TRURO — Before the pandemic, housing and child-care access and affordability were concurrent crises for young families on the Outer Cape. The Truro Central School’s free preschool has been oversubscribed since it began in 2019. Now the situation has become more dire, local parents say.
The school committee will discuss creating an additional classroom to accommodate three-year-olds full-time at its next meeting, on April 8.
Town officials hoped to encourage young families to put down roots on the Outer Cape by launching the free program for all three- and four-year-old children of Truro residents and town employees.
What they didn’t anticipate was how popular the program would be. For two years running, there have been too few spaces. The school doesn’t promise families a full schedule of care. And it was decided to prioritize four-year-olds, leaving many working families with three-year-olds scrambling.
The enrollment request form for the 2021-2022 school year warns parents to “be aware that your preference for preschool schedule may not be available due to high registration numbers.”
At a recent Truro School Committee meeting, eight families with current and soon-to-be preschoolers spoke up, offering praise for the quality of the preschool but frustration with the lack of full-time options for three-year-olds. Adding an additional preschool classroom would, the parents said, resolve this dilemma.
There are currently 21 children enrolled in the preschool, with a maximum of 14 children per day, temporarily split between two classrooms for social distancing. Before Covid, the cap was 18 children per day in one classroom.
Mara Glatzel, the parent of one child who has attended and another who will soon attend the preschool, called the program “phenomenal.” But, she said, “something that really sticks with me is that 38 percent of the kids in the Truro elementary school are from economically disadvantaged families.” The school, she said, needs to create a new plan.
“I feel a little disheartened that we sat here about two years ago and had a very similar conversation about the needs of working families here in Truro,” said Sarah Motta, a parent of a current preschooler. “I feel like we’ve dropped the ball and fallen short on providing what we need to keep this community young and alive and to have people to work in the stores, in health care, in the schools.”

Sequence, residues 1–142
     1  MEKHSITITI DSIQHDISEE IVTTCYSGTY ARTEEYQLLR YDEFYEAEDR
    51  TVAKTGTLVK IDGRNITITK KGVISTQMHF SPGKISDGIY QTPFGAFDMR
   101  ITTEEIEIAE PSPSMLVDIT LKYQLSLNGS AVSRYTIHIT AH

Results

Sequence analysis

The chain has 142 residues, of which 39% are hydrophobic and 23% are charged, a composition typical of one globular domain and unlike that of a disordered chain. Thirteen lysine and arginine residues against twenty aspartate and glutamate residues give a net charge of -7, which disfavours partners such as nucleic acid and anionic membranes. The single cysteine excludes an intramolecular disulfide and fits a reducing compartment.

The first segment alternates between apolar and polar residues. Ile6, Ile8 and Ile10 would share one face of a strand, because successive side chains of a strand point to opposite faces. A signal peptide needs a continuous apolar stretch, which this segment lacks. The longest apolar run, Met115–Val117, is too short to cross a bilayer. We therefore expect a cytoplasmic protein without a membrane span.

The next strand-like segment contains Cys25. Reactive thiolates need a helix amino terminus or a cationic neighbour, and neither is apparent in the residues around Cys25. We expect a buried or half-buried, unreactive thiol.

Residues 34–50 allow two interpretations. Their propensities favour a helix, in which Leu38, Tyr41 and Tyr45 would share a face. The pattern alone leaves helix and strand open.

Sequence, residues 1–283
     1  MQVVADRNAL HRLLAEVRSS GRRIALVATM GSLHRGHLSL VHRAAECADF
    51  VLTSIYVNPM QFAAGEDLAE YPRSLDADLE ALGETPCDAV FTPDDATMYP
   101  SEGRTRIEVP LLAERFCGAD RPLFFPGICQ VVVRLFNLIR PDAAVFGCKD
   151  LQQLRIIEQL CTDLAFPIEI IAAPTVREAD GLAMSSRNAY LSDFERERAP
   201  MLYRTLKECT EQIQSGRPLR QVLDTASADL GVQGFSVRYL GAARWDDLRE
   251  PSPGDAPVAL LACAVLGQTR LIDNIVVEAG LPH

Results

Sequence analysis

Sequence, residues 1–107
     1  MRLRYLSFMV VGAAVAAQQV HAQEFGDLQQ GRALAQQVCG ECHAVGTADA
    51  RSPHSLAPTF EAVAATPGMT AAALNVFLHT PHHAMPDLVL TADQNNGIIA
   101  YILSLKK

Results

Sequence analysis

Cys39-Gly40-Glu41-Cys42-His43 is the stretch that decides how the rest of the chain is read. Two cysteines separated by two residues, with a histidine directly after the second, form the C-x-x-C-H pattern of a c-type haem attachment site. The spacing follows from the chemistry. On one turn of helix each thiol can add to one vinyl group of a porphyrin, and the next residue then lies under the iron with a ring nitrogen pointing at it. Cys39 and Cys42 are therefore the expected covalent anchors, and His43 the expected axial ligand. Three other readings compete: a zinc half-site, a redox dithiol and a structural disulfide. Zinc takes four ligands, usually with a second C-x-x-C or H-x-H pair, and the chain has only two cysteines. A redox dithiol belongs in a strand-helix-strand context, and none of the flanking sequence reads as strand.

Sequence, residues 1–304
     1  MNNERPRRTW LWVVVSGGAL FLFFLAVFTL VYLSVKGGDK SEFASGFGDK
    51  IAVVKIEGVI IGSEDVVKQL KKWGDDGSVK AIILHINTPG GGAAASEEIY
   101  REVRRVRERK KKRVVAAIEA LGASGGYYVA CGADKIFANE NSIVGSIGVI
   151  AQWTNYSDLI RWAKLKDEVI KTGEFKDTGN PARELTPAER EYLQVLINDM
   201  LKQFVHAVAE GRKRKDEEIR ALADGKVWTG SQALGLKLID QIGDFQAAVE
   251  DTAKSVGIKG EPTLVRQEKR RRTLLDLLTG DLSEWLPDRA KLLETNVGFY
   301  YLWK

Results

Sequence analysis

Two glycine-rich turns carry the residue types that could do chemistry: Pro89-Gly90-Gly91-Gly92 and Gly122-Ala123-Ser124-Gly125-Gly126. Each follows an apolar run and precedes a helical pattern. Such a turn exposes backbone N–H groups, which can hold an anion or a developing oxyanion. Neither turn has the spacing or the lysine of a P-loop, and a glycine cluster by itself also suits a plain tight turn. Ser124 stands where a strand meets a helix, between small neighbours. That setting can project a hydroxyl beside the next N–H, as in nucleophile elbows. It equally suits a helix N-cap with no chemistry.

Vida Richter, the mother of a four-year-old currently in the program as well as a one-and-a-half-year-old, grew up in Provincetown but moved to Truro in 2018. When she first heard about the preschool program, she thought it was a great incentive for young families. “Child care has become such a huge expense,” she said. Families “need all the help they can get in order to stay here.”
Now Richter is running for one of two open positions on the school committee. “The board could really benefit from parents who have children in the school system and who are going to be affected by what is happening now,” Richter said. She said that the pandemic has particularly affected low-income families, people of color, and mothers. “Not everyone has the option of staying home,” she said.
“When you have full-time jobs, preschool is more than necessary — it’s everything,” said Claire Adams, the parent of a three-year-old and co-owner of Salty Market in North Truro along with her husband, Ellery Althaus. They are currently paying for private child care, which is expensive, hard to arrange, and requires an early commitment. Since they don’t yet know which days they can have their daughter at the town preschool, “we might find ourselves in a really difficult situation where we don’t have child care,” she said. If that happened, they would have to sacrifice their business, she added.
On the town meeting warrant this year, there is a petitioned article for a child-care voucher program. If adopted, the program would provide two- and three-year-old children of Truro residents and town employees a maximum of $7,500 per year to attend a state-licensed child-care or preschool program. According to the Economic Policy Institute, Massachusetts is the second most expensive state in the nation for child care, with $20,913 the average annual cost of infant care.
There is currently one private child-care business in Truro.
Kolby Blehm, a school committee member and parent of two young children, said it bothered him to hear people talk about parents being disappointed about not getting the preschool days they requested. “Disappointment is not being able to go golfing on a nice day,” Blehm said. “The scramble for quality early childhood education is a detriment. It is a detriment to the long-term viability of this town and its demographics.”
There are a lot of variables in determining how many days a child will get this year, acting Central School Principal and Assistant Supt. Stephanie Costigan told the Independent, but this past school year they were able to provide at least two to three days. Ultimately, “it depends on the registration numbers,” she said.
School committee chair Ken Oxtoby said there is potential for the preschool to expand into two classes. “Should we do due diligence and see what we can do? I think we should,” he said. It’s more complicated than just the money, said committee member Michelle Jarusiewicz, “but I think we should give it a good hard look.”
“Now, obviously there is a great community need,” said Costigan. “We are listening, and we are trying the best we can.”
The Truro Central School preschool program opened enrollment for the 2021-2022 school year on March 22. Registration forms and enrollment requests are available online at truromass.org/pk-registration. The forms must be returned to the school office by April 5. Call Lynne Ready, early childhood coordinator, with questions: 508-487-1558 ext. 216.